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More challenges ahead for healthcare hiring managers

By Emma Musgrave | |4 minute read

Hiring managers in the healthcare sector are being hit with greater pressure to fill job vacancies.

According to the Omega Medical Jobs & Salary Index, quarter two saw a 6.3 per cent increase in medical job vacancies nationwide. This comes off the back of quarter-one results, which saw an 8.6 per cent rise in vacancies nationwide.

The results mean year on year, there’s been an 11 per cent spike in demand and a 26.5 per cent increase in demand compared to two years ago.


Breaking down the states, Western Australia was the only one to experience a decline in job opportunities in the medical sector this quarter — by 3.2 per cent.

On the opposite end, demand increased 10.4 per cent in Queensland, followed by 9.2 per cent in Victoria and 7.6 per cent in NSW.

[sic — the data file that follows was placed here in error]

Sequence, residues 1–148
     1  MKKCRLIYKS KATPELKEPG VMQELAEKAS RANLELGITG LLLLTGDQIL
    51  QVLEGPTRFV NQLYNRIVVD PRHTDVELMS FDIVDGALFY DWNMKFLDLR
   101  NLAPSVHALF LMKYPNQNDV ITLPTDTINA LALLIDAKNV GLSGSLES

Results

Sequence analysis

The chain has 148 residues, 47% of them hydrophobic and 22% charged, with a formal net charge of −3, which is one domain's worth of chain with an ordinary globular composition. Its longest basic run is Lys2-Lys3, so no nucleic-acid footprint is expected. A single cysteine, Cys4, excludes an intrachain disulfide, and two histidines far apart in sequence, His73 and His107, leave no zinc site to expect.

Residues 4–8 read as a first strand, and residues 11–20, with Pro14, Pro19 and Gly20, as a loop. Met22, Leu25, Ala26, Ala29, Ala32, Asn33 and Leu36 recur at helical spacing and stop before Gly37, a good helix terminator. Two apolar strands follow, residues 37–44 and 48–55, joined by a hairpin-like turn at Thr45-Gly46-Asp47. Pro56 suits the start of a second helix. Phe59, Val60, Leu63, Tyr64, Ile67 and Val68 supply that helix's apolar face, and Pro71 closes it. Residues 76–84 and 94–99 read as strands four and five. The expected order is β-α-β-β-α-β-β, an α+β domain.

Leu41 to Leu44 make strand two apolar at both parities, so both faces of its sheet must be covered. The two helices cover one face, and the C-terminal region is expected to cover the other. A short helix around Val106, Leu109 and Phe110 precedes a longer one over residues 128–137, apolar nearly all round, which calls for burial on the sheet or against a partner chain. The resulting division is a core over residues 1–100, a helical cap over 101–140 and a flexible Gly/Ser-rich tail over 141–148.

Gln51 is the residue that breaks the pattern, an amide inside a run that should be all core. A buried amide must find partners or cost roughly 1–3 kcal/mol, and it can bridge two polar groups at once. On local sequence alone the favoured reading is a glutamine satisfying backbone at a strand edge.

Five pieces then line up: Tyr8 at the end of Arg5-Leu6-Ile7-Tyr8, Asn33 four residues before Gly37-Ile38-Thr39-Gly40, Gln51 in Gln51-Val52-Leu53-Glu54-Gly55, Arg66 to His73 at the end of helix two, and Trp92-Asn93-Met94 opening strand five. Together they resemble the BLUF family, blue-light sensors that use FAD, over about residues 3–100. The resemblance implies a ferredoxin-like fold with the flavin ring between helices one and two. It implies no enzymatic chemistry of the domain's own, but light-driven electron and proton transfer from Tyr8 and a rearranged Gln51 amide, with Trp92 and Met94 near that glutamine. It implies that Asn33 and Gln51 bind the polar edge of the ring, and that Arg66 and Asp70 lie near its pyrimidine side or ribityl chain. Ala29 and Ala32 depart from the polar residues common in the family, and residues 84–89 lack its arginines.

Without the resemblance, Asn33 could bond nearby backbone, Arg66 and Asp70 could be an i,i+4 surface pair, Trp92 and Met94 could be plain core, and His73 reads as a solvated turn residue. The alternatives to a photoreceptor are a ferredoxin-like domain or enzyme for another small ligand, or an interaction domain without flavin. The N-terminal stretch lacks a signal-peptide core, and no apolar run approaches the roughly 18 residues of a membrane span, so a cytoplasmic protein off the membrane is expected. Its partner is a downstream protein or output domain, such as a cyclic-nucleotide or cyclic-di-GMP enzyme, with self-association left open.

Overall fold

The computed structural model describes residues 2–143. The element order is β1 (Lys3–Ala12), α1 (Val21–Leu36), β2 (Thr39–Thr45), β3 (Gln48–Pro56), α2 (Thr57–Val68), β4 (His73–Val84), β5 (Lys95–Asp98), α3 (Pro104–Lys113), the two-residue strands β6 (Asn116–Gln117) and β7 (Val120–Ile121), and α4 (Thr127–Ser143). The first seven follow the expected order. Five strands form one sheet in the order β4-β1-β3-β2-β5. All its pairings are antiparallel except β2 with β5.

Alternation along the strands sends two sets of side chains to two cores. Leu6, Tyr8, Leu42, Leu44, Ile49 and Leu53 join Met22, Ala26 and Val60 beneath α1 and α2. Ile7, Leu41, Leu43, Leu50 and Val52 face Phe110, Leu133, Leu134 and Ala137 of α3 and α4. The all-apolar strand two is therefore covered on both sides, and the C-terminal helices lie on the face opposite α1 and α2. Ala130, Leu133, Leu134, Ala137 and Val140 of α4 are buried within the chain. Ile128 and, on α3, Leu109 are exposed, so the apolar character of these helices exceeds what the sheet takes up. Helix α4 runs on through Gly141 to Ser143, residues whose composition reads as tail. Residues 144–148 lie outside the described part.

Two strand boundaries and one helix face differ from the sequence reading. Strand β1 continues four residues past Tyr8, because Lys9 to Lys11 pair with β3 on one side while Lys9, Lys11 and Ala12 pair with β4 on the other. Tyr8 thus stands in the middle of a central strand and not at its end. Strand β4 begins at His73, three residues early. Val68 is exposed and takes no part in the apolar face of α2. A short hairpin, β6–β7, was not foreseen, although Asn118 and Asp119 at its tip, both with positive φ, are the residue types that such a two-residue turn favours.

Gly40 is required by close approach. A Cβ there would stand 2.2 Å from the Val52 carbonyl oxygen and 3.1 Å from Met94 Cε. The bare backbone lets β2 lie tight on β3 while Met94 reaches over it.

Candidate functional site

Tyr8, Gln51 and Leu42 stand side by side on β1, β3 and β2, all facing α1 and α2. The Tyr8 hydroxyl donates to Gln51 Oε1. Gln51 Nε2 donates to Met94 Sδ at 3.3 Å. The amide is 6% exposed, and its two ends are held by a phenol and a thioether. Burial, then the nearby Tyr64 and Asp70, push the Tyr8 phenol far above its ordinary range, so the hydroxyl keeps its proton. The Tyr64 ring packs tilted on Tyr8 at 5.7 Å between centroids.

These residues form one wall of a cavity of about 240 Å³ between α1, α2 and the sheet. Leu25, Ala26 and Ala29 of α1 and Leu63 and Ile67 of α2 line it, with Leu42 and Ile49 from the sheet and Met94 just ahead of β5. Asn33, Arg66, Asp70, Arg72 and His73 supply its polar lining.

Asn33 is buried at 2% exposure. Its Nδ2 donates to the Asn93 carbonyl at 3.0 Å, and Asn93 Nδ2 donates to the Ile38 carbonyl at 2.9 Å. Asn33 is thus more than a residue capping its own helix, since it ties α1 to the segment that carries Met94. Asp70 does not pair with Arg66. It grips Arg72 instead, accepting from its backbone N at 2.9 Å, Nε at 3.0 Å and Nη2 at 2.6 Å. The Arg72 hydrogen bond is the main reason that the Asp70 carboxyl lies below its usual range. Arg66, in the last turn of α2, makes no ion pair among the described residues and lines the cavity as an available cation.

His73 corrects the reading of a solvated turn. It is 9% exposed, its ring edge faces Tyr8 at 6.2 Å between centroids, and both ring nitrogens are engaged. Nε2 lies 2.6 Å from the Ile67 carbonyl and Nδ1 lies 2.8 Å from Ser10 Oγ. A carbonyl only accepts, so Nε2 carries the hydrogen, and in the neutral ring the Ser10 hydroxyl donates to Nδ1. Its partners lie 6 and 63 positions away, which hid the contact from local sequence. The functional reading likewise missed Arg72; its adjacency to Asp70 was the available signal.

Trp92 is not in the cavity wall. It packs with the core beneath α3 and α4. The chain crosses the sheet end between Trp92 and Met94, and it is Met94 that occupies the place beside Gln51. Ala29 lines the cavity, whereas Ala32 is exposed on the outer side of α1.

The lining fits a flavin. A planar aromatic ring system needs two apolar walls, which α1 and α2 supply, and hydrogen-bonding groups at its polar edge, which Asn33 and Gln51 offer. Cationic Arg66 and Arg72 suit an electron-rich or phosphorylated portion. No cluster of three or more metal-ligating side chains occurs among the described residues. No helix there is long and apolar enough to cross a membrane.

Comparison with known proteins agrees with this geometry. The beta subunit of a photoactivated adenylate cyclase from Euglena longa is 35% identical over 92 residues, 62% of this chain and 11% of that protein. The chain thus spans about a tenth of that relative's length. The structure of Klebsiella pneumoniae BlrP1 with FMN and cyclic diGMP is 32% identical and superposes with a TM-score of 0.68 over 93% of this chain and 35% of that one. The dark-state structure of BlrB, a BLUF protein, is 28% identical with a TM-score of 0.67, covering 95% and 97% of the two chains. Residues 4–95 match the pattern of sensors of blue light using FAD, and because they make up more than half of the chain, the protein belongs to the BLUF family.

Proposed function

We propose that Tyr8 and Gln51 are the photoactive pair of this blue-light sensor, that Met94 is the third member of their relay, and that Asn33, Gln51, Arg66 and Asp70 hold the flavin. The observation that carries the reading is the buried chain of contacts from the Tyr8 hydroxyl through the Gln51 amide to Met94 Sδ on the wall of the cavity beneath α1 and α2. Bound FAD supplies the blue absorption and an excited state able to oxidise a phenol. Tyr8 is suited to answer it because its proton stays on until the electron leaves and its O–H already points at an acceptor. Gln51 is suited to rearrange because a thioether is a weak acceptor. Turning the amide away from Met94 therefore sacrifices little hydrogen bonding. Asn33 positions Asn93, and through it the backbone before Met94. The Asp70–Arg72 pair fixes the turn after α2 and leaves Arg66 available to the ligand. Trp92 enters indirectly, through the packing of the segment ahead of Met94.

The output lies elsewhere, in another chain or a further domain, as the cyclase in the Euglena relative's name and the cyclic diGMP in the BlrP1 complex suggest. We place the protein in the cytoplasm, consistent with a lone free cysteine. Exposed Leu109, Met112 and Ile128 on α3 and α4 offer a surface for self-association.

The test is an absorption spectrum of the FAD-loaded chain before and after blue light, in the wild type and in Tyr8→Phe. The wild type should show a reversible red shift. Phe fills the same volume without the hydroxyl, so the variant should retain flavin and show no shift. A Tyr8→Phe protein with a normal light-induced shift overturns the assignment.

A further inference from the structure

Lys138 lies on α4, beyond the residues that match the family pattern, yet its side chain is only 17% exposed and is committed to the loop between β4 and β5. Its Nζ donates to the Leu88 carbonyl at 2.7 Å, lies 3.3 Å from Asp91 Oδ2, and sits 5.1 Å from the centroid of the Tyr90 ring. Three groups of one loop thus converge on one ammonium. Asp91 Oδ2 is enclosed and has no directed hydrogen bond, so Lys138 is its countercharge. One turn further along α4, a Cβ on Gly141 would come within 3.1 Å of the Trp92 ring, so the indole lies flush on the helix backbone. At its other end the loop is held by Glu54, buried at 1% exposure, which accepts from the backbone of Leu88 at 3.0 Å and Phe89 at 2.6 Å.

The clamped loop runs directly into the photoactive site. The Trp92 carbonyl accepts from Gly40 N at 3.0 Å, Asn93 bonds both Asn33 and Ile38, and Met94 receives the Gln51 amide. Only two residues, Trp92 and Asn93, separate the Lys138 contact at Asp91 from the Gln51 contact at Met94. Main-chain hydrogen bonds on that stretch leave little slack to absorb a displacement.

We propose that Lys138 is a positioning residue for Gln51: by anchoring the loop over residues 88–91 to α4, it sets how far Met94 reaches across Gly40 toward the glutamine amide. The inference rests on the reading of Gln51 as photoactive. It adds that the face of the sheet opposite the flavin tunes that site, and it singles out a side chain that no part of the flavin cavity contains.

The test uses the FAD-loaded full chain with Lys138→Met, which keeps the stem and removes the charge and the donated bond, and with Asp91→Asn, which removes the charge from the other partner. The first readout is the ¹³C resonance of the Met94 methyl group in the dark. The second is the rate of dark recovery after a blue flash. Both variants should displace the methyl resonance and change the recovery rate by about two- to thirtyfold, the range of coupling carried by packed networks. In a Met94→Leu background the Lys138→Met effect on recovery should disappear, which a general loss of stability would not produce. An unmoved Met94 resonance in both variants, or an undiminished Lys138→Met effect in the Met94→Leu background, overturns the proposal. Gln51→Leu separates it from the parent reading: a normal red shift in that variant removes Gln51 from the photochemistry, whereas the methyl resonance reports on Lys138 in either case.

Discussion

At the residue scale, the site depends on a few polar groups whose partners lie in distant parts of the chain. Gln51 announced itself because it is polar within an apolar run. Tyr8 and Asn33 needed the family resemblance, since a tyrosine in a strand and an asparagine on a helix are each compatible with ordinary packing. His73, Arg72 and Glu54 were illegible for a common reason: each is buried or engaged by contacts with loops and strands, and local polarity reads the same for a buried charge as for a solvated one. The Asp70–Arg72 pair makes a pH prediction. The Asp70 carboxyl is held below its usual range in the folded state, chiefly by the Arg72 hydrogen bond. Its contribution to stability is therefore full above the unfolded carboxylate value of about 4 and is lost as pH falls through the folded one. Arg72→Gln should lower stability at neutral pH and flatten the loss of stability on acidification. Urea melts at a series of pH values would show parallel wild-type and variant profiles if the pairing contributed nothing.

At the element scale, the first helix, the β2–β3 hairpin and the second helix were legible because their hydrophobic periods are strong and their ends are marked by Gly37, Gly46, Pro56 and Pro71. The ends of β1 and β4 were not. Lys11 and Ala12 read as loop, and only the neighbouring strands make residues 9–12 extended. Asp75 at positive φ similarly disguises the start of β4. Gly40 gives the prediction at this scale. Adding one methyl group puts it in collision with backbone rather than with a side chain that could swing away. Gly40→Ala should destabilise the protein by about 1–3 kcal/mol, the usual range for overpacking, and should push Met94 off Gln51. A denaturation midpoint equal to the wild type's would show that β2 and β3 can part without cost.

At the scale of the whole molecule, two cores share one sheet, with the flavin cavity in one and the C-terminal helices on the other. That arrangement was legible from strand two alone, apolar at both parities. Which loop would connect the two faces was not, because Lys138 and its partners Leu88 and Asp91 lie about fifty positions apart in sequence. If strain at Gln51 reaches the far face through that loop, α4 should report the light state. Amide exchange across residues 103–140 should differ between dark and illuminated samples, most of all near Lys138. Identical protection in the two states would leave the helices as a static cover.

Looking at the sectors, general practice demand increased 2.9 per cent, and aged-care demand experienced a 3 per cent increase.

Hospital and practice management vacancies rose by 20.9 per cent in this quarter. Meanwhile, demand for medical technicians was up 21.7 per cent, and for nurses 11.9 per cent (which is 21.4 per cent higher than a year ago).

John Codner, managing director at Omega Medical, said the massive cumulative boost in demand would inevitably put further pressure on salary rises in the sector.

“Our Jobs & Salary Index has shown remarkable growth in quarter two with impressive increases in national jobs of 6.3 per cent, locum jobs of 6.9 per cent and permanent jobs of 6.0 per cent,” he said.

“This showcases the expanding opportunities available to jobseekers and underlines the steady foundation of employment stability in Australia’s medical sector, despite all other industry sectors struggling with cost-of-living increases and a potential recession. This sector is literally recession-proof.”

“The federal budget’s recent interim increase in award wages for aged-care workers will be necessary to keep staff in this sector,” added Mr Codner. “This may be the reason for less demand in this area compared to others, which has certainly slowed down in comparison to Q1.”